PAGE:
A Northern Kenai Fishing report published by the Department of Fish and Game on Friday says that sockeye fishing is excellent in parts of the Kenai River and in the Russian River.
Sockeye salmon fishing opened in several areas this week, including a month early at the Russian River Sanctuary Area because of strong counts at the Russian River weir. Bag limits are set to be increased on Sunday in the Upper Kenai River and the Russian River to six per day and 12 in possession.
In those areas, the Upper Kenai River and the Russian River, fishing for sockeye is “good to excellent,” and expected to continue to be good, the report says.
Fishing for sockeye is described as “fair” on both the lower Kenai River and the Kasilof River — bag limits can be hit by anglers “willing to put in the time.”
Rainbow trout fishing on the middle Kenai River is “fair.”
In the Kasilof River, hatchery king salmon can be kept. The department says that the fishery is “fair.” Hatchery salmon do not have an adipose fin, and any naturally produced king salmon that do have an adipose fin may not be removed from the water and must be immediately released. Additionally, only one single-hook may be used. The department recommends trying to fish from the shore of the Crooked Creek State Recreation Site.
Fishing for sea run Dolly Varden at the mouth of Resurrection Creek in Hope “should be picking up this time of year,” the report says. The department recommends trying to fish with pink fry pattern flies.
The personal use set gillnet fishery at the mouth of the Kasilof River was closed by emergency order last week.
Fishing on local lakes for rainbow trout, Arctic char, Arctic grayling and landlocked salmon “is good to excellent.” The report recommends fishing with dry or wet flies such as an egg sucking leech, bead head nymph, or mosquito pattern; small spoons and spinners size #0 or #2; or small bait under a bobber.
Johnson Lake is “fishing excellent,” the report says. In the last few weeks, several thousand catchable-sized rainbow trout were stocked in the lake. The report also says that Johnson Lake would be a good choice for young anglers.
John Hedberg Lake was also stocked with 1,000 catchable-sized rainbow trout last week and fishing is also “excellent.”
Please review the emergency orders and advisory announcements below in their entirety before heading out on your next fishing trip.
Emergency Order 2-RS-1-27-23 increases the bag and possession limits for salmon, other than king salmon, to six fish per day and 12 fish in possession in that area of the Kenai River upstream from Skilak Lake to ADF&G regulatory markers located approximately 300 yards upstream of the public boat launch at Sportsman’s Landing and the Russian River from its mouth upstream to an ADF&G marker located approximately 600 yards downstream from the Russian River Falls 12:01 a.m. Sunday, June 18 through 11:59 p.m. Friday, July 14, 2023.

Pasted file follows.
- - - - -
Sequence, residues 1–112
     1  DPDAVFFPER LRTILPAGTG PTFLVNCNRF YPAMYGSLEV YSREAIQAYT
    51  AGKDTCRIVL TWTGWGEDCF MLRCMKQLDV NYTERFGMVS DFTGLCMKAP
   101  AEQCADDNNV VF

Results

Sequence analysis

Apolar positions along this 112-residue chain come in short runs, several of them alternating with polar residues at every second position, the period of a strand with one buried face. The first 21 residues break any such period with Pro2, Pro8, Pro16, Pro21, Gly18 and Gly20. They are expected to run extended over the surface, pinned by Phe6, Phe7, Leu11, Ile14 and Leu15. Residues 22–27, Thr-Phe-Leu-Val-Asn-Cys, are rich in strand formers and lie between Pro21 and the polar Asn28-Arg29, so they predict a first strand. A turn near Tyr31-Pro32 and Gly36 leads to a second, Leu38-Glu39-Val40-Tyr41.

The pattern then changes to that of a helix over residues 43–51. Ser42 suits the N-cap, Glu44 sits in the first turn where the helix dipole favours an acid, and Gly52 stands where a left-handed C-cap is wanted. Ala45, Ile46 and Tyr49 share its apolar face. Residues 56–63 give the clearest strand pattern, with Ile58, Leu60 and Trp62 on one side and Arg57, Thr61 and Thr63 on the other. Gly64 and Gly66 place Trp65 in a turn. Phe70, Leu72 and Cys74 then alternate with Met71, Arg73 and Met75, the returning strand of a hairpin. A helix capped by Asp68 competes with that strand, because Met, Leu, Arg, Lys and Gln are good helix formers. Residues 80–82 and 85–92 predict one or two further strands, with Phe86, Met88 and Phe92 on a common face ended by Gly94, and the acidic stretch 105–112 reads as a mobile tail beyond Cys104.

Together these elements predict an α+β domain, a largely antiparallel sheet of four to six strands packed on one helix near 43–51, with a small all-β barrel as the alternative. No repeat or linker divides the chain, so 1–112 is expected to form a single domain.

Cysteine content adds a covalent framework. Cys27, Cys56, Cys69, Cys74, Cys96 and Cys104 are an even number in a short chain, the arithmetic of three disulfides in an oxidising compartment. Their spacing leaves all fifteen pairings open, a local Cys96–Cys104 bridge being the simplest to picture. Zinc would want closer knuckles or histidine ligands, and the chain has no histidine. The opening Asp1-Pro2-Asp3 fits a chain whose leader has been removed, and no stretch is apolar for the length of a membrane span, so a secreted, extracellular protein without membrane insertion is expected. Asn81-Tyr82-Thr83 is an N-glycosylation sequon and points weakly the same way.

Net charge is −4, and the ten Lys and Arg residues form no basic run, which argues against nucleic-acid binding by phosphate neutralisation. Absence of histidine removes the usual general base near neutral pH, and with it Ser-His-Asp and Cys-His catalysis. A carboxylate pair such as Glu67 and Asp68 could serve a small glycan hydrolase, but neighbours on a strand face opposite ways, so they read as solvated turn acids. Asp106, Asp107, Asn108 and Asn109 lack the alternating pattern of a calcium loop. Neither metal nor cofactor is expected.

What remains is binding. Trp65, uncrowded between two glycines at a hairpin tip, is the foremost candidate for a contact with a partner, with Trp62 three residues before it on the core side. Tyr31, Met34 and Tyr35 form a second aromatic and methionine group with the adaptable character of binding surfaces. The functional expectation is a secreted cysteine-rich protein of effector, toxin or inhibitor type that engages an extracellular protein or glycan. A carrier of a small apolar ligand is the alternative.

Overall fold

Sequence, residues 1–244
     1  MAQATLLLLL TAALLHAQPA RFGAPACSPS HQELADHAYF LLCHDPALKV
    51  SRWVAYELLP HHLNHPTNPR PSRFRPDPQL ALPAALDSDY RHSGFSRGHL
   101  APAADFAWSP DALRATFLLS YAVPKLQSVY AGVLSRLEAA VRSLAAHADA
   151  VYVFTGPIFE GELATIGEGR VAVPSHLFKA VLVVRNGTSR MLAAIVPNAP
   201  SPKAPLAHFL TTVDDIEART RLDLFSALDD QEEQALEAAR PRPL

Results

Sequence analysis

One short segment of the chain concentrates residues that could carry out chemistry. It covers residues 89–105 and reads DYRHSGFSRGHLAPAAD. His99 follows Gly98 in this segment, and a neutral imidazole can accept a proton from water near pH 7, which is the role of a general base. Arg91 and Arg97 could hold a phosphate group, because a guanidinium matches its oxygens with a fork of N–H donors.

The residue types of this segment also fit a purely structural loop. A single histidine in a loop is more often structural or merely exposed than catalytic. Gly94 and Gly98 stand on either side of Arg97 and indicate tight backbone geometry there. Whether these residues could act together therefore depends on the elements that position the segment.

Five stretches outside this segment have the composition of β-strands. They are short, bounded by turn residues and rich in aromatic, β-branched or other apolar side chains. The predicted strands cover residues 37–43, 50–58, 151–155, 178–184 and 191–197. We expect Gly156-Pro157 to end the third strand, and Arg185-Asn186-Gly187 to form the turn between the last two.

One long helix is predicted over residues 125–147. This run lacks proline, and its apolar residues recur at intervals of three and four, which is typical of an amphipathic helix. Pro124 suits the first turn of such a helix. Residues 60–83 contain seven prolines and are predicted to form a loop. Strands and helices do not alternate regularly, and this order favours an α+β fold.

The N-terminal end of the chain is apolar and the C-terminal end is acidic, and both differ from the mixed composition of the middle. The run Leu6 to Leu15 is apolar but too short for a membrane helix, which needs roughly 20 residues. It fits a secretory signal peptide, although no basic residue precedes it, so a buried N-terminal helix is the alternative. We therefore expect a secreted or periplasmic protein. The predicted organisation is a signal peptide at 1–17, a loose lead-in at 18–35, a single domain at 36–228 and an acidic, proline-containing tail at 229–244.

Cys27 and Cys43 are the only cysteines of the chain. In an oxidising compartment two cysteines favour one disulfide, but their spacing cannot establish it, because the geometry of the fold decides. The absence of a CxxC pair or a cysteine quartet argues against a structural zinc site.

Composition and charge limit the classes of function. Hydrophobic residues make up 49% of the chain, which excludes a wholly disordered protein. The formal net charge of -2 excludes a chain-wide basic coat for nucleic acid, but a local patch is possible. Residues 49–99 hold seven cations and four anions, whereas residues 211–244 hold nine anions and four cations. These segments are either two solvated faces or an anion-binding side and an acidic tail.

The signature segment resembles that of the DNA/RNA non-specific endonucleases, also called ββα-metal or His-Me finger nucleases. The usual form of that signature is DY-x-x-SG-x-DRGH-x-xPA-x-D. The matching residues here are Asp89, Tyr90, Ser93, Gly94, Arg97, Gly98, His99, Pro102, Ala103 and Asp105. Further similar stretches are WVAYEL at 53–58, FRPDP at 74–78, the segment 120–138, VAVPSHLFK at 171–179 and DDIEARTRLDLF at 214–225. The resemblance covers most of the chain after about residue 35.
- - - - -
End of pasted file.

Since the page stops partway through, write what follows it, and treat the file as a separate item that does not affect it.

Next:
Emergency Order 2-RS-1-25-23 opens the Russian River Sanctuary area to sport fishing for sockeye salmon.
Emergency Order 2-KS-1-10-23 closes sport fishing for king salmon of all sizes in the Kenai River from the mouth upstream to the outlet of Skilak Lake from 12:01 a.m. Monday, May 1 through 11:59 p.m. Friday, June 30, 2023. Fishing for king salmon will remain closed from 12:01 a.m. Saturday, July 1 through 11:59 p.m. Monday, July 31, 2023, in waters of the Kenai River drainage from an ADF&G regulatory marker located approximately 300 yards downstream from the mouth of Slikok Creek, upstream to the outlet of Skilak Lake. This closure prohibits all sport fishing for king salmon, including catch-and-release fishing. King salmon may not be retained or possessed; king salmon accidentally caught while fishing for other species may not be removed from the water and must be released immediately.
Emergency Order 2-KS-1-11-23 closes the Kenai River to fishing for king salmon and prohibits the use of bait and multiple hooks in the Kenai River from its mouth upstream to ADF&G markers located at the outlet of Skilak Lake from 12:01 a.m. Saturday, July 1 through 11:59 p.m. Monday, July 31, 2023. This closure prohibits all sport fishing for king salmon, including catch-and-release fishing. King salmon may not be retained or possessed; king salmon caught while fishing for other species may not be removed from the water and must be released immediately.
Emergency Order 2-KS-1-08-23 prohibits the retention of naturally produced king salmon beginning 12:01 a.m. Monday, May 1 through 11:59 p.m. Friday, June 30, 2023. Additionally, only one single-hook either baited, unbaited, or on an artificial lure may be used beginning 12:01 a.m. Tuesday, May 16 through 11:59 p.m. Friday, June 30, 2023. Single-hook means a fishhook with only one point. Naturally produced king salmon have an adipose fin and may not be removed from the water and must be released immediately.
To reduce the mortality of Kenai River king salmon, the personal use set gillnet fishery at the mouth of the Kasilof River is closed by Emergency Order 2-RS-1-24-23. This emergency order is effective 6 a.m. Thursday, June 15, 2023, through 11 p.m. Saturday, June 24, 2023.
Cook Inlet Salt Waters
Emergency Order 2-KS-7-15-23 prohibits sport fishing for king salmon (including catch-and-release) in the salt waters of Cook Inlet north of the latitude of Bluff Point (59° 40.00’ N. lat.) effective 12:01 a.m. Monday, May 15 through Monday, July 31. King salmon incidentally caught while fishing for other fish may not be removed from the water and must be released immediately.
Emergency Order 2-NP-1-04-23 prohibits the retention of any species of fish in East Mackey, West Mackey and Derks lakes for the 2023 season.
Emergency Order 2-DV-1-03-23 establishes a bag and possession limit of Arctic char/Dolly Varden in Stormy Lake of one fish, less than 16 inches in length for the 2023 season.